Chicago PD’s shady Homan Square facility yet again exemplifies its moniker as “a black site”. The detention compound, unveiled last year by the Guardian newspaper, is now involved in a gang trial. Interestingly, federal prosecutors are attempting to block a former police commander from being questioned regarding his role at Homan Square.
After the Guardian’s first articles, Chicago officials organized an elaborate P.R. campaign to protect the facility. Homan Square is occupied by Chicago PD undercover drug and vice units, as well as SWAT teams. A ballistics lab and, officials were careful to point out, a public “lost and found” are also present at Homan Square. Besides this, however, the plain brick building’s purpose was largely unclear to those living nearby.
Homan Square was also used as a short-term detention and interrogation facility. Dozens of interviews with former detainees were conducted by the Guardian, The Fifth Column, and other outlets. Not only were many of them disturbing, and reminiscent of military rendition, but they were consistent. Looking back, it’s difficult to tell whether the interrogations disturbed citizens more than Chicago’s lack of comment.
One of the first interviewees was activist Brian Jacob Church. Church reported being taken to the facility after a protest action, and questioned without a lawyer. Officers then allegedly placed him in a large floor-to-ceiling metal cage for hours. Two other anonymous detainees also described the cage, and being chained to a bench.
Another man, 31 year old Brock Terry, was allegedly arrested with 5 ½ pounds of cannabis. Upon being taken to Homan Square, Terry was denied a lawyer, and wasn’t booked. No public notice was provided regarding Terry’s arrest, as with thousands of others. “I sat in place for three days”, he recalled, “no talking, no calls to nobody.” After the ordeal, Terry was properly booked and processed at another station.
Two other detainees, Kory Wright and Deandre Hutcherson, were arrested in 2005. They reported being tied in crucifix-like positions, echoing pictures which leaked from Iraq’s Abu Ghraib prison. Hutcherson reported being punched in the face by officers, stepping on his groan “like he was putting out a cigarette.”
During Wrights interrogation, officers asked questions regarding murders and weapons. As a means to get information, they “turned up the temperature” while he was zip tied. Temperature torture also happens to be on the military and CIA’s list of interrogation methods.
Many others consistently reported seeing military-style vehicles in the facility. Lawyers who attempt to locate their clients are given the run around, and denied entry. One, who was able to get inside, reported passing by a room officers called “the wire room”. One detainee, Jose Gonzalaz, was essentially abducted from his home by undercover officers and disappeared for days. Officers eventually released him with no charges, and forced him to walk home across Chicago.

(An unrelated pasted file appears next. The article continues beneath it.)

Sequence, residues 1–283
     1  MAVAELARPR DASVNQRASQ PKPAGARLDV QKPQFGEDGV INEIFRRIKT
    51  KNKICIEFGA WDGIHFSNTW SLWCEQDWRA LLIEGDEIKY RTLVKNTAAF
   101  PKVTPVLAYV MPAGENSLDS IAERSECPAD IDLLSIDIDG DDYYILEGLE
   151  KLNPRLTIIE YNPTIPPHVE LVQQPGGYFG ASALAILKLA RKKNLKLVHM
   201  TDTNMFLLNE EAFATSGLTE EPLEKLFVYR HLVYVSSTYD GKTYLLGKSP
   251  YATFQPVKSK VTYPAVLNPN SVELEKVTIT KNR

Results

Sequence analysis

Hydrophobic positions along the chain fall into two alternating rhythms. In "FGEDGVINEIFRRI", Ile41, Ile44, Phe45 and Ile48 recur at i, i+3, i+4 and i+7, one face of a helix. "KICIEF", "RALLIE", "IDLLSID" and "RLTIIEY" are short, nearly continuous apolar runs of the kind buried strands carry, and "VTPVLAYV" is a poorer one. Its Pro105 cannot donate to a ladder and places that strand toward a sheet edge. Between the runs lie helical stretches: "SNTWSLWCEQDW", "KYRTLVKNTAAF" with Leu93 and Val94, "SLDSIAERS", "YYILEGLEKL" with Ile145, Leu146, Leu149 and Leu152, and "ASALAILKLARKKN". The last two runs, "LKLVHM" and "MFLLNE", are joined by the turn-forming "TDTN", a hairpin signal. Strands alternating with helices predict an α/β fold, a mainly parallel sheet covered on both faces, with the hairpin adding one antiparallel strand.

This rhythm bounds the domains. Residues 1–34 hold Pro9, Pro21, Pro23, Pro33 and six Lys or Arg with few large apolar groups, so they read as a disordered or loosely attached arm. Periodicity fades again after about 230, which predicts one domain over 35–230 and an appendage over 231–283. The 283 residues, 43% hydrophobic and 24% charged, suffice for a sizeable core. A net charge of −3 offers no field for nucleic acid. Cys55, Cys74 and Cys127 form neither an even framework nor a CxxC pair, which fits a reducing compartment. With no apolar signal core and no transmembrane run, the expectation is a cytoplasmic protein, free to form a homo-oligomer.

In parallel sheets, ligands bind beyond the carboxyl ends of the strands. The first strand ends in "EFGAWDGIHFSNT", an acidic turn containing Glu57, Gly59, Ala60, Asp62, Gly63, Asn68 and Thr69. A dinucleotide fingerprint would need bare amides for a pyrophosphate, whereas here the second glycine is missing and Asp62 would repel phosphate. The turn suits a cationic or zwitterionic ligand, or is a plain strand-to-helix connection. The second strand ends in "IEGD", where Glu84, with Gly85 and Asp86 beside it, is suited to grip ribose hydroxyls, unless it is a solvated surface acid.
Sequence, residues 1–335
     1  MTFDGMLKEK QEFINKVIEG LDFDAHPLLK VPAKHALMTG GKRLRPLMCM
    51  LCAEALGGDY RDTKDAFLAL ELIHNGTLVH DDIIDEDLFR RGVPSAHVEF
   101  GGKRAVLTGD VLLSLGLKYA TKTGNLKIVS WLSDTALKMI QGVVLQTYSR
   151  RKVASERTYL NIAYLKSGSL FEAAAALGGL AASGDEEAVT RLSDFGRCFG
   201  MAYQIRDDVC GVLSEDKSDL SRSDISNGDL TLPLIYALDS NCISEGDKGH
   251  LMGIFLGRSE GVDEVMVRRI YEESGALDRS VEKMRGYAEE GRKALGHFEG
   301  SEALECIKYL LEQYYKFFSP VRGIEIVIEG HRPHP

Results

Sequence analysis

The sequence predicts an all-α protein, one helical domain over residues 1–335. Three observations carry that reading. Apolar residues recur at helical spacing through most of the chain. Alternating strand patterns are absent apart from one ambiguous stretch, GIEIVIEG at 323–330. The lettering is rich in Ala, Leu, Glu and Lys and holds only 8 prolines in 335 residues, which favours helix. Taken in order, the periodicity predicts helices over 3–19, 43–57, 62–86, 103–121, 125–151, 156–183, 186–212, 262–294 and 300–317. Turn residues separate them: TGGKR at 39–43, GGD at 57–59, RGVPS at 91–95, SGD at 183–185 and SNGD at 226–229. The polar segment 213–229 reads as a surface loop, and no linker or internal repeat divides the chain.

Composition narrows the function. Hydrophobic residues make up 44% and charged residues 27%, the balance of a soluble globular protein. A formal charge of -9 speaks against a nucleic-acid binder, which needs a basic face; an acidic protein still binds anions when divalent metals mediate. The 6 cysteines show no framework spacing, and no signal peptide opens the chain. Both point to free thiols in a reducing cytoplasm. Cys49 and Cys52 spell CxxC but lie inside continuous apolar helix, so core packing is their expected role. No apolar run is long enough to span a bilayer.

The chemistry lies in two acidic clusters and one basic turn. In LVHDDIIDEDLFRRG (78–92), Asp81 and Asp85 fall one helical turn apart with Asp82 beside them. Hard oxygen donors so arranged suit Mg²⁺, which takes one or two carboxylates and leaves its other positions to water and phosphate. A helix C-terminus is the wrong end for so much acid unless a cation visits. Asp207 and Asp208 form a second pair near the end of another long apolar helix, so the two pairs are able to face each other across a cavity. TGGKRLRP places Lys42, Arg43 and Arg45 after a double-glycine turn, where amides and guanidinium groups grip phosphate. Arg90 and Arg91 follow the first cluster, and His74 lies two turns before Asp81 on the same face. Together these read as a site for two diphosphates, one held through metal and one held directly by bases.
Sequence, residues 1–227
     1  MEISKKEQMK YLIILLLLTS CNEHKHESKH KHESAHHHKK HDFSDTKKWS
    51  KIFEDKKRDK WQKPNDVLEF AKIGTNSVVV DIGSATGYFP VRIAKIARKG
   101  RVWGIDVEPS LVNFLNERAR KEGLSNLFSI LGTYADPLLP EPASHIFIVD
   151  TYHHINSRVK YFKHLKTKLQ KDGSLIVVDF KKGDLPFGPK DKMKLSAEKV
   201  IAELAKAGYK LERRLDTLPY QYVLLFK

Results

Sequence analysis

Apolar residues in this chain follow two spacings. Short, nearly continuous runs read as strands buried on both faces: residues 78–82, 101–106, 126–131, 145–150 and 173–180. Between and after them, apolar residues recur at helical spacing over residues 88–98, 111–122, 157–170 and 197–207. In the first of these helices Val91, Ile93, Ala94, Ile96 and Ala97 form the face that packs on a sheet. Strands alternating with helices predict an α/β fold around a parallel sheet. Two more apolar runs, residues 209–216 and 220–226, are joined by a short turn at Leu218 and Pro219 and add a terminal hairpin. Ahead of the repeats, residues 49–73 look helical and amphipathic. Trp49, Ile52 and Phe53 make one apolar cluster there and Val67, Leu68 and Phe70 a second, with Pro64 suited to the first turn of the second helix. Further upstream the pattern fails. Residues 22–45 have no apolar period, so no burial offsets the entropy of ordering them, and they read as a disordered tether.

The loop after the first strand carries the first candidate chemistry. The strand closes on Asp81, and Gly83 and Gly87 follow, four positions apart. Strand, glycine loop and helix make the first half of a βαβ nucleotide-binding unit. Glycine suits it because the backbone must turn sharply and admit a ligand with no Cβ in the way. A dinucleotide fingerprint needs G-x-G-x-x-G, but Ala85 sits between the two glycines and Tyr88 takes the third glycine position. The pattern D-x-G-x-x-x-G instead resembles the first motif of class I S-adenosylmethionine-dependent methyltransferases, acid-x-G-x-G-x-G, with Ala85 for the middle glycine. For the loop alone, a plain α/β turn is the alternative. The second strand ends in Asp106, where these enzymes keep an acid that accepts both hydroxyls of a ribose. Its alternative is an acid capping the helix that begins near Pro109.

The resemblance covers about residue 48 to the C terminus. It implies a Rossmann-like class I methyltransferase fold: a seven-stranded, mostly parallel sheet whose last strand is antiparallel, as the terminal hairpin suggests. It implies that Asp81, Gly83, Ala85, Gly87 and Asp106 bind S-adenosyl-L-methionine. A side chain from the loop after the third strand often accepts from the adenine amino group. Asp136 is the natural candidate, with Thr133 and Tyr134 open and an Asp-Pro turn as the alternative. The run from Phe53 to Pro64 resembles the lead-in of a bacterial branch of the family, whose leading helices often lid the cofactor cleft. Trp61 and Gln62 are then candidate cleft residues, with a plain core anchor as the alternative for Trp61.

At least one Homan Square death is recorded–John Hubbard, dead of a heroin overdose inside the compound. Hubbarb was taken to Homan by undercover officers who posed as heroin dealers. It’s unknown what he was asked, or how he received the heroin that killed him while in custody.
This has lead to suspicions that officers injected Hubbarb, possibly to make him more compliant for questioning. Similar accounts of officers threatening detainee’s with heroin injections were also reported. Protests, and calls for a DOJ review by residents and city officials followed the Guardian’s extensive coverage of Homan.
Homan Square’s disclosure coincided with a police commander resigning from the force. That commander, Nicholas Roti, was also called to the stand during this most recent gang trial. Prosecutors,the Chicago Sun-Times reports, hope to incarcerate six members of “the Hobo’s”. Officials say Hobo’s are a blood-happy collective which held down Chicago’s streets from 2004-2013. Commander Roti’s knowledge of gang activity, prosecutors say, is highly relevant to the case.
Defense lawyers find Homan Square–which has a stated role in gang operations–just as relevant. Federal prosecutors disagree, and are now attempting to block questions on the facility from the courtroom. Assistant U.S. Attorney Timothy Storino, a prosecutor, feels connecting Roti to Homan is “tenuous at best.” Roti commanded a unit based at Homan, and retired shortly before a lawsuit against the Square was filed.
Interestingly, defense attorneys want to reference one specific Guardian article. The exchange, however, ignores the numerous other Guardian reports on the facility. Pieces which detailed, more specifically, accounts of torture and quiet brutality at Homan. Arguably, the tactics of Homan Square officers, who may or may not be involved in the “Hobo” case, are relevant. Very quickly, the case is building into yet another blast aimed to blow Homan’s skeletons out the closet. Even if the facility isn’t referenced in this case, there’s no disappearing what people already know.